Nurseryman Guy Bowden explains why certain overlooked plants deserve a place in the Kiwi garden

Our native vegetation has so many striking features like the Kauri forests of the north, subtropical rainforests of the west coast of the South Island, an abundance of ferns, vast areas of tussocks in central Otago, and cabbage trees standing out in pasture lands.

One New Zealand phenomenon that is not immediately obvious and often overlooked is the abundance of small-leaved, twiggy shrubs, or 'stuff going everywhere' type plants, as a person who worked for me once described them. These shrubs are known as divaricating, which means branches at a wide angle up to 90 degrees or more.

In other shrubs or trees there is a leading shoot at the apex with side shoots below dictating the upright form of the plant. In contrast divaricating shrubs consist of masses of tangled criss-crossed branches bearing tiny leaves with no dominating influence of a leading shoot.

This can result in springy ball-like shrubs forming dense hummocks, so dense that in some situations you can jump into them without breaking through the surface.

Myrsine divaricata, Central North Island.

Divaricating shrubs can be found in many different situations, including wet lands, salt marshes, and under forests trees, but you will find the greatest number on the dry eastern side of the country – Canterbury being the world headquarters for this uniquely New Zealand phenomenon.

When I first became interested in these plants they all looked the same and the easiest solution seemed to be to call them all Coprosmas.

About 60 New Zealand species could be classed as divaricating, covering many genera. Some species differ so much it is hard to believe they are related.

Even more bizarre are plants that begin life as small-leaved, tangled divaricating shrubs (juvenile stages) that grow into normal leafy trees. Perhaps the most striking example of this is Pseudopanax crassifolius or lancewood; in its juvenile stage it has tough strap-like leaves, then as an adult the leaves become broader, more upright and soft.

Botanists have put forward two main suggestions as to why so many New Zealand plants that are unrelated have evolved with small leaves in an interlacing form. One thought sees it as a defensive mechanism against browsing by large flightless birds like Moas. The other line of thought is climatic.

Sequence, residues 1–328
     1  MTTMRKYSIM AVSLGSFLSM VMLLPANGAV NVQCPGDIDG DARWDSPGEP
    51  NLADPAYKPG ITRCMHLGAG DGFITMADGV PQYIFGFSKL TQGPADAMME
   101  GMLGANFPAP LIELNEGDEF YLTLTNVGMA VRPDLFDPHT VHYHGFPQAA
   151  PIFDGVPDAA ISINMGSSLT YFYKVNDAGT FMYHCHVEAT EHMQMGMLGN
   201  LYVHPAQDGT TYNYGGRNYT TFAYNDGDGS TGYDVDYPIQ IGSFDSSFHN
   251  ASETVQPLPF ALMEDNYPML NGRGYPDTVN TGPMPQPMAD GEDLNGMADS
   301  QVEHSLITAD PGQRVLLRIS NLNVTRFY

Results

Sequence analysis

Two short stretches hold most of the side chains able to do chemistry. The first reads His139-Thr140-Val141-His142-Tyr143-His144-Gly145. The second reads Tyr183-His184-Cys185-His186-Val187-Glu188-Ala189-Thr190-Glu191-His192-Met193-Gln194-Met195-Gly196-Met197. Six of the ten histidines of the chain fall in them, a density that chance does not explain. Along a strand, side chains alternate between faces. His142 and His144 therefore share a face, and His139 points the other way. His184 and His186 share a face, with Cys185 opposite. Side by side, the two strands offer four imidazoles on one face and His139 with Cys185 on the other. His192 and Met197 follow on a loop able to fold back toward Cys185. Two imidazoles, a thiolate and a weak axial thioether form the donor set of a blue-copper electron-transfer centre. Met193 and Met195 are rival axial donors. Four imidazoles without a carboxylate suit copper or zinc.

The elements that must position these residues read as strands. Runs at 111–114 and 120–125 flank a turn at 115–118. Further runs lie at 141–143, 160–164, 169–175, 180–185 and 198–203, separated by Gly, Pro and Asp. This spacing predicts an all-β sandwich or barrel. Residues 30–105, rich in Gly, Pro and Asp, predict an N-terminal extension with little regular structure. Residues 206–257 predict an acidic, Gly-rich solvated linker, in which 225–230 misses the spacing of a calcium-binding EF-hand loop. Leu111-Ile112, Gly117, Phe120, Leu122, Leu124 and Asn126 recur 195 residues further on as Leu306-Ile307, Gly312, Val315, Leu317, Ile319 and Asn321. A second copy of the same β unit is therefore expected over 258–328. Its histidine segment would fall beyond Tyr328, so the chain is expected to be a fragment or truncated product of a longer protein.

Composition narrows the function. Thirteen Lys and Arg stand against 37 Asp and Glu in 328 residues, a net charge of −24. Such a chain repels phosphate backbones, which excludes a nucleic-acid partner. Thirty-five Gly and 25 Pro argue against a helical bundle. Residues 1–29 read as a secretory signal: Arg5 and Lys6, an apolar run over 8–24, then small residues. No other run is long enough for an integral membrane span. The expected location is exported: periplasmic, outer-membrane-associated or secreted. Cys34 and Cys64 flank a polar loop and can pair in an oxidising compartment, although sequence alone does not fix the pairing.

A defensive mechanism against browsing by large flightless birds like Moas

Botanists suggest

The Moa browsing theory is based around small-leaved, tangle-branched shrubs appearing as unappetising. Tough, springy twigs and branches form a protective layer around the leaves, flowers and fruit of these plants. The plants with divaricating juvenile stages that change once they are larger do so only when large enough to be out of reach of browsing Moas.

Doubt has been cast on these assumptions because plant material found in fossilised Moa gizzards consisted of twigs, some of which were divaricating species and part of their normal diet. Personally, I think the Moa theory has a nice ring to it and merits serious consideration.

The climatic theory on why we have so many divaricating shrubs is based on an evolutionary response to environmental factors. The view of some botanists for the cause of the small-leaved, tangle-branched forms of these plants is to protect growing points and leaves from wind, drought and frost damage. Also, a favourable microclimate is maintained inside the shrub, permitting better growth in adverse weather. Both the Moa browsing and climatic explanation can be criticised and there seems to be no clear proof as to which is right or wrong.

Corokia cotoneaster, wire netting bush, has wiry branches and tangled growth form.

Group plantings of various divaricating plants can create an attractive patchwork of foliage forms and colours. The ground-cover forms Coprosma acerosa Hawera, sand acerosa and 'Redrocks' are useful for hard dry banks or mixed in with larger shrubs.

A number of divaricating shrubs can be used for hedging: Mrysine divaricata, Corokia (wire-netting bush) and Coprosma virescens make excellent hedging. They can be grown informally, but when trimmed can be kept small and straight clean lines can be achieved.

Divaricating plants are generally easy care, low maintenance plants seldom plagued by pests and diseases. They are certainly deserving of a place in a modern trend-setting Kiwi garden.